• Many batman fans know this, there are games for example Batman Arkham Asylum, there are comics even the cartoon on Cartoon Network takes place in the Asylum, the films feature it… Most of them feature the escape from the Asylum and get placed back in during their capture… As a batman fan you can trust me when I say all fans have heard of Arkham Asylum… It’s as big a location in the Batman legacy as the batcave or Gotham City!

    • David thanks for taking the time to reply. I appreciate your comments but I think perhaps some of them are missing the point. This whole “outcry” was never about what kids saw of the outfit of whether it was scary to them. It was about perceptions of mental illness in society and stopping stigma. I think there’s a big difference between movies (which are rated by age) and general items for sale in supermarkets.
      I have several blogger friends who have been driven to tears over this. Coming to terms with having a mental illness is hard enough as it is without being given the impression that the world aligns you with an axe-wielding murderer.

      By saying “you really have to trust in people to understand that’s not how they judge or see people with mental health issues” you show that you see the good in people, and I commend that, I really do. But the point here is that those with mental illness are often not capable of rational thought. They (read:we) need all of the help and support possible and in many cases are not capable of asking for it or seeing a silver lining.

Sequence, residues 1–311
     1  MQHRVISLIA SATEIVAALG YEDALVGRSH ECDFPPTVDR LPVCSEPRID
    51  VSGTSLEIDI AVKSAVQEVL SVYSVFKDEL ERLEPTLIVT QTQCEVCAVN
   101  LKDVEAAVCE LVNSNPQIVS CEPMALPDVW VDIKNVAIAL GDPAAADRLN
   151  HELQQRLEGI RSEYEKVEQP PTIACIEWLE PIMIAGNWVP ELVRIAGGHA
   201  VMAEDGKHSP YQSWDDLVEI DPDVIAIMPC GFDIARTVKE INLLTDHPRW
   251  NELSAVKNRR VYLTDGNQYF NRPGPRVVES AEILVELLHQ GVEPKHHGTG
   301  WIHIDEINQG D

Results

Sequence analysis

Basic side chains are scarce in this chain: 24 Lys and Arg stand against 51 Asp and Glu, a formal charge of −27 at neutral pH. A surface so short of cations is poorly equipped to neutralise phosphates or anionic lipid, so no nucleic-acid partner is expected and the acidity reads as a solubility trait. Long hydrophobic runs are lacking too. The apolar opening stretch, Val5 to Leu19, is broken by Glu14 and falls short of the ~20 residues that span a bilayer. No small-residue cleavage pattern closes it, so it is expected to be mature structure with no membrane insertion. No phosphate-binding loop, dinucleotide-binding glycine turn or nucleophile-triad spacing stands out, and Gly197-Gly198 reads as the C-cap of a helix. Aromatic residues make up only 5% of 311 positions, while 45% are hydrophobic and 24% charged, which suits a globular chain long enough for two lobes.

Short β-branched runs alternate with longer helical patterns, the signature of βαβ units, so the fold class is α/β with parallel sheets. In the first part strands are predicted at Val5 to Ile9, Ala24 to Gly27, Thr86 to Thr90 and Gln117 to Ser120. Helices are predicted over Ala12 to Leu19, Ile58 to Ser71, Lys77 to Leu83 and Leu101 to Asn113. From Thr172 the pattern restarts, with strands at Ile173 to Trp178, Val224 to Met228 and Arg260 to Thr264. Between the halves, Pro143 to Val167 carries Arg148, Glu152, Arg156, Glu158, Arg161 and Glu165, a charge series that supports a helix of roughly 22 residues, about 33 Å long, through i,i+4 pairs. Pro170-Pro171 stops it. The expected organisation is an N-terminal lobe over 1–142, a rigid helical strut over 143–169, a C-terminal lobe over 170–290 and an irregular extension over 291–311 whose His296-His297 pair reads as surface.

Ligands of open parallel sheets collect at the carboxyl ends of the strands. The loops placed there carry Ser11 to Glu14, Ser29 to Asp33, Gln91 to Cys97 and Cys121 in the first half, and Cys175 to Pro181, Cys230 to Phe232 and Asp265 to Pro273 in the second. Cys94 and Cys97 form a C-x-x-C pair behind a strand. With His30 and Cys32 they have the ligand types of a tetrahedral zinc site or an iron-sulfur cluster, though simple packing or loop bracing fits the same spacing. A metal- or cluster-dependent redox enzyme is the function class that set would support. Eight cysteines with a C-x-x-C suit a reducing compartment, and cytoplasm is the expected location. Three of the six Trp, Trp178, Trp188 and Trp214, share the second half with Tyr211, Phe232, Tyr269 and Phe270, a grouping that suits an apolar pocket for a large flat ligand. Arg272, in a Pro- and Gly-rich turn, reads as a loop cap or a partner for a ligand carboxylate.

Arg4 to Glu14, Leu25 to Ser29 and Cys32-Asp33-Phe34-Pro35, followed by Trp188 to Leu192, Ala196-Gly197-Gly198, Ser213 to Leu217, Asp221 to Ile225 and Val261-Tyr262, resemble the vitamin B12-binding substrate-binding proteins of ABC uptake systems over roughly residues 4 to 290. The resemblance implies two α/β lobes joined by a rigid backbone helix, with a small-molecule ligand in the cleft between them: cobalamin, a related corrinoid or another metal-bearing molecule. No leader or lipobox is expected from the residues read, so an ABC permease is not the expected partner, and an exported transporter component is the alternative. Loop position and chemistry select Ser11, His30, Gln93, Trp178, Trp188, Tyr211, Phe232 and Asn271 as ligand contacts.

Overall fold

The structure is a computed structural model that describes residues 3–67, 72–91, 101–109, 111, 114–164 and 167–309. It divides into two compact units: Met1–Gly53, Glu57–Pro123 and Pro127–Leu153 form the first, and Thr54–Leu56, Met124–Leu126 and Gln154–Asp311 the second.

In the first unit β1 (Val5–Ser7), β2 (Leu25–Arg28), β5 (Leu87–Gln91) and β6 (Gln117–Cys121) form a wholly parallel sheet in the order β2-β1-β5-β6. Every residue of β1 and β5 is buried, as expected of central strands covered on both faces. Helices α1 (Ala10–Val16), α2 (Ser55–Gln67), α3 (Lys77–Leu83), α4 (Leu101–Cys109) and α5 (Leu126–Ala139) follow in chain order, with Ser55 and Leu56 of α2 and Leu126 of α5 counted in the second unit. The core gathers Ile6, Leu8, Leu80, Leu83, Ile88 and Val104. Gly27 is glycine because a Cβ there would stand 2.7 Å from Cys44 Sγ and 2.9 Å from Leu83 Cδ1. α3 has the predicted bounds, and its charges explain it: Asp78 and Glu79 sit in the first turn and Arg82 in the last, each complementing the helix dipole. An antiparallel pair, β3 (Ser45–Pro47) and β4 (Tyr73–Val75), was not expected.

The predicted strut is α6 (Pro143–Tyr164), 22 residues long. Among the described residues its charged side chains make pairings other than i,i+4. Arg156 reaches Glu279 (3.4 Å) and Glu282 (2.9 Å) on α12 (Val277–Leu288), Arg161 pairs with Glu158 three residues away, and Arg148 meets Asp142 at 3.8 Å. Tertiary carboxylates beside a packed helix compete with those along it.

As a society we need to be breaking down stigma, not looking to justify why if this fancy-dress costume is offensive then surely x, y and z must be offensive too. Whatever way you see it, lots of people were extremely upset by this. It’s not your, my or anyone else’s place to minimise the feelings of an already marginalised section of the human race.

  4. I had the same discussion with my husband this morning, when he didn’t understand the issue. I’m pleased to say he understood my point, about adding to the stigma. It’s a shame people don’t realise it isn’t about political correctness, but about not marginalising a quarter of society just because their illness isn’t easily defined or mended. Well done, your article is clear and concise, thank you.

  5. Pingback: Julie's Notebook | Stigma – Do I Look Mental?

  6. Pingback: Supermarkets and Stigma | Depression's Collateral Damage

  7. As someone who has suffered with mental health on & off for the past 6 years I agree we’re not being all PC about the custume it’s trouble is referring to someone like me as a crazed killer who’s going round killing every1. It’s took me a lot of years to admit to having a mental illness & a lot of self discovery to not b embarrassed about it. So at holloween I’ll go dressed as myself & see how scared people get!

    Well said not trying to take out of holloween just don’t want to branded as a raving axe murderer!